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  • How do the Olympic Games opening and closing ceremonies take place?
    • The philosophy and ceremonial aspects which surround the Olympic Games distinguish them from all other international sports events. Through music, song, dance and fireworks, the opening and closing ceremonies invite people to discover the culture of the country in which the Games are taking place.

      In addition to these celebrations, there are some very precise rituals at the ceremonies. It was at the 1920 Games in Antwerp that most of this protocol was put in place. It has been developed over subsequent editions of the Games.

      Today, Rule 55 of the Olympic Charter specifies some of the protocol that has to be followed during the ceremonies and the words used by the head of state of the host country to open the Games. The other main points of the opening ceremony are:

      1.  Entrance of Head of State and IOC President
      2.  Playing of the national anthem
      3.  The parade of the athletes
      4.  The symbolic release of doves
      5.  Olympic Laurel Award
      6.  Official Speeches
      7.  Opening of the Games 
      8.  Raising  the  Olympic  flag  and  playing  the  Olympic Anthem
      9.  Athletes, judges and coaches’ oath
      10. Lighting of the Olympic flame
      11. The artistic programme

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  • What is the Olympic oath and when was it created?
    • Taken for the first time at the 1920 Olympic Games in Antwerp by Victor Boin, a Belgian fencer, the Olympic oath is one of the protocol elements of the Opening Ceremony. It is taken by an athlete from the host county, on behalf of all the athletes.

      This oath is similar to the one sworn by Olympic athletes in ancient times – the only difference being that today’s athletes take the oath with the Olympic flag and not the innards of a sacrificed animal.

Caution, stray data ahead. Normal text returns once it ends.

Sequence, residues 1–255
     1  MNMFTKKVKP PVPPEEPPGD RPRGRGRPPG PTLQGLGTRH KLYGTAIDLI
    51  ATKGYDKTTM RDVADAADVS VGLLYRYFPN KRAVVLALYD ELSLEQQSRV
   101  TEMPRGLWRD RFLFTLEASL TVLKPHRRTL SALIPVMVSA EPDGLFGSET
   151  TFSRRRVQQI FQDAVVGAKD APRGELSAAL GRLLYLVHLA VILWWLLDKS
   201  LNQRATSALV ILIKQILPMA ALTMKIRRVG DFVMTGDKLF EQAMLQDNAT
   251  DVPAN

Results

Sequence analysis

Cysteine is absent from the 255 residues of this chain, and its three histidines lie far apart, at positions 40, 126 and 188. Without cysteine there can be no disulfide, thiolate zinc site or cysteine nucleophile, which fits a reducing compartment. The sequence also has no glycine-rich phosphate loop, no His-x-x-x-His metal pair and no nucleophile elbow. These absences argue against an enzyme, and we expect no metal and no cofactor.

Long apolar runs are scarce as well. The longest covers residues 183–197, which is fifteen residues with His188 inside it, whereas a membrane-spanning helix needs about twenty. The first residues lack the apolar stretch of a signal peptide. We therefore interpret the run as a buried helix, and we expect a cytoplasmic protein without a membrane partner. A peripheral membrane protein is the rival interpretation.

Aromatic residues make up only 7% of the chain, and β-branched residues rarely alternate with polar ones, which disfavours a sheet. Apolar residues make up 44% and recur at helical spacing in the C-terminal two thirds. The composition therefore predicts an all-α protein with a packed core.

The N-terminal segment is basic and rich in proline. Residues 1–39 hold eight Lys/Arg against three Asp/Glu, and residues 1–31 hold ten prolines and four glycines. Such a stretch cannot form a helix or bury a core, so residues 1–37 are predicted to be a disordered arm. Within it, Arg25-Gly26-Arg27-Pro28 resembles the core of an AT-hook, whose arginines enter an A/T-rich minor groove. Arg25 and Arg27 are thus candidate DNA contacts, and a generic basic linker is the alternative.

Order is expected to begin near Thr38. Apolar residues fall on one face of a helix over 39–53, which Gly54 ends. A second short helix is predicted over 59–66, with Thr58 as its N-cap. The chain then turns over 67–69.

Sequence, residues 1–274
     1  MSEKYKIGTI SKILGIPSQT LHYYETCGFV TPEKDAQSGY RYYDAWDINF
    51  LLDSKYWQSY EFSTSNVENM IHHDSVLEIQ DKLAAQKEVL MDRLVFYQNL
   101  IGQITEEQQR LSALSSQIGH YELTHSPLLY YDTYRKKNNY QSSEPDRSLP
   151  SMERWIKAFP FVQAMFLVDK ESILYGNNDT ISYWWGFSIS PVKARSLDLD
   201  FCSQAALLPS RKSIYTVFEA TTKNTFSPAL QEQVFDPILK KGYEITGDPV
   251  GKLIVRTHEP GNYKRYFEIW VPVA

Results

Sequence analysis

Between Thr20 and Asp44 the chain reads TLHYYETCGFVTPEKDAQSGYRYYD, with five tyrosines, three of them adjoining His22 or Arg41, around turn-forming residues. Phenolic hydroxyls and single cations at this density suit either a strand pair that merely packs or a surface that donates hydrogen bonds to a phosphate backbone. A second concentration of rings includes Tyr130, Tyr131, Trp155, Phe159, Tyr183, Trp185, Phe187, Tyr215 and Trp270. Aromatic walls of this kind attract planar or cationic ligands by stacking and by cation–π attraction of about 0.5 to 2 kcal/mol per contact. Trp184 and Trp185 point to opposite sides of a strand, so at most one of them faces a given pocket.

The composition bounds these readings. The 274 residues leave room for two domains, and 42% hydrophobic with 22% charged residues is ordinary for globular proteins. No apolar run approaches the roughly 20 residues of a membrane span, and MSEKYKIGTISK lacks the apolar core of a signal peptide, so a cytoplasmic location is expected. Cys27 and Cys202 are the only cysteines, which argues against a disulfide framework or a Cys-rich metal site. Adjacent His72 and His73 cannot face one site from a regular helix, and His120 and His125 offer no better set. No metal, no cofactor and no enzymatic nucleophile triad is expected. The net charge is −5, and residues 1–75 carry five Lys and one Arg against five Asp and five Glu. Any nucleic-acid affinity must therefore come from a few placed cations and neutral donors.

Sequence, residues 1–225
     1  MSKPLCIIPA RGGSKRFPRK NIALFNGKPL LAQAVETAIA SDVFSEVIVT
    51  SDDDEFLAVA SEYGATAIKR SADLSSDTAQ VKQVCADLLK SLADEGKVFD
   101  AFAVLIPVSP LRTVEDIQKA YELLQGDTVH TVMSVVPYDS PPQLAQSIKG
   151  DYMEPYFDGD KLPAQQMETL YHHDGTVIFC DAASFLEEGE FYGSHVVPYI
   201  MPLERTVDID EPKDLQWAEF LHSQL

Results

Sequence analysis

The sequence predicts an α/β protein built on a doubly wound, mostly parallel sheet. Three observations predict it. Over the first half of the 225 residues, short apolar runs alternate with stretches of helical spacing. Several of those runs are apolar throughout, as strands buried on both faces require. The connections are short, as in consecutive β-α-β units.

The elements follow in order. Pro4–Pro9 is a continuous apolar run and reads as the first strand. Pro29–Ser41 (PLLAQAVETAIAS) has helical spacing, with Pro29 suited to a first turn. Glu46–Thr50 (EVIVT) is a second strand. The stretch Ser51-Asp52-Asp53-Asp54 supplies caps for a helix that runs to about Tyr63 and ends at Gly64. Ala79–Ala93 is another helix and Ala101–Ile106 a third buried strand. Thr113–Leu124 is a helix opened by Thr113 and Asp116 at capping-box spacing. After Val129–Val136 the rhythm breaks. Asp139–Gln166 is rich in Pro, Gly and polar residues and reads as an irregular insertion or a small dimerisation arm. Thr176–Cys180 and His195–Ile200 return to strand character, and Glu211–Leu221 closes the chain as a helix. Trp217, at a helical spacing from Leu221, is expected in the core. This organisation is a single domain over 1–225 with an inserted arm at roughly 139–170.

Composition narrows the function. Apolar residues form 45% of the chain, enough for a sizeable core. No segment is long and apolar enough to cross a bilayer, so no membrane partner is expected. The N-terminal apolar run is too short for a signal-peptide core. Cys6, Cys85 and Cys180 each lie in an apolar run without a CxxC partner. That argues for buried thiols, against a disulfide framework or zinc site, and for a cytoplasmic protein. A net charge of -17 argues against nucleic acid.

Since 1972, a judge has sworn an oath alongside the athlete at the Games opening ceremony; and since 2012, so too has a coach.

      The first Olympic oath at the Games of the modern era was written by Pierre de Coubertin. It has been modified over time to reflect the changing nature of sports competitions.

      In 2000, in Sydney, for the first time, the oath explicitly included a reference to doping. Since the Olympic Winter Games PyeongChang 2018, the athletes’, officials’ and coaches’ oaths have been merged into one to save time during the ceremony.

      At the Olympic Games Tokyo 2020, the number of oath-takers will be extended from three to six – two athletes, two coaches and two judges. Each representative says their own part: “In the name of the athletes”, “In the name of all judges” or “In the name of all the coaches and officials”. Then the athlete recites on behalf of all three categories: “… we promise to take part in these Olympic Games, respecting and abiding by the rules and in the spirit of fair play, inclusion and equality. Together we stand in solidarity and commit ourselves to sport without doping, without cheating, without any form of discrimination. We do this for the honour of our teams, in respect for the Fundamental Principles of Olympism, and to make the world a better place through sport.”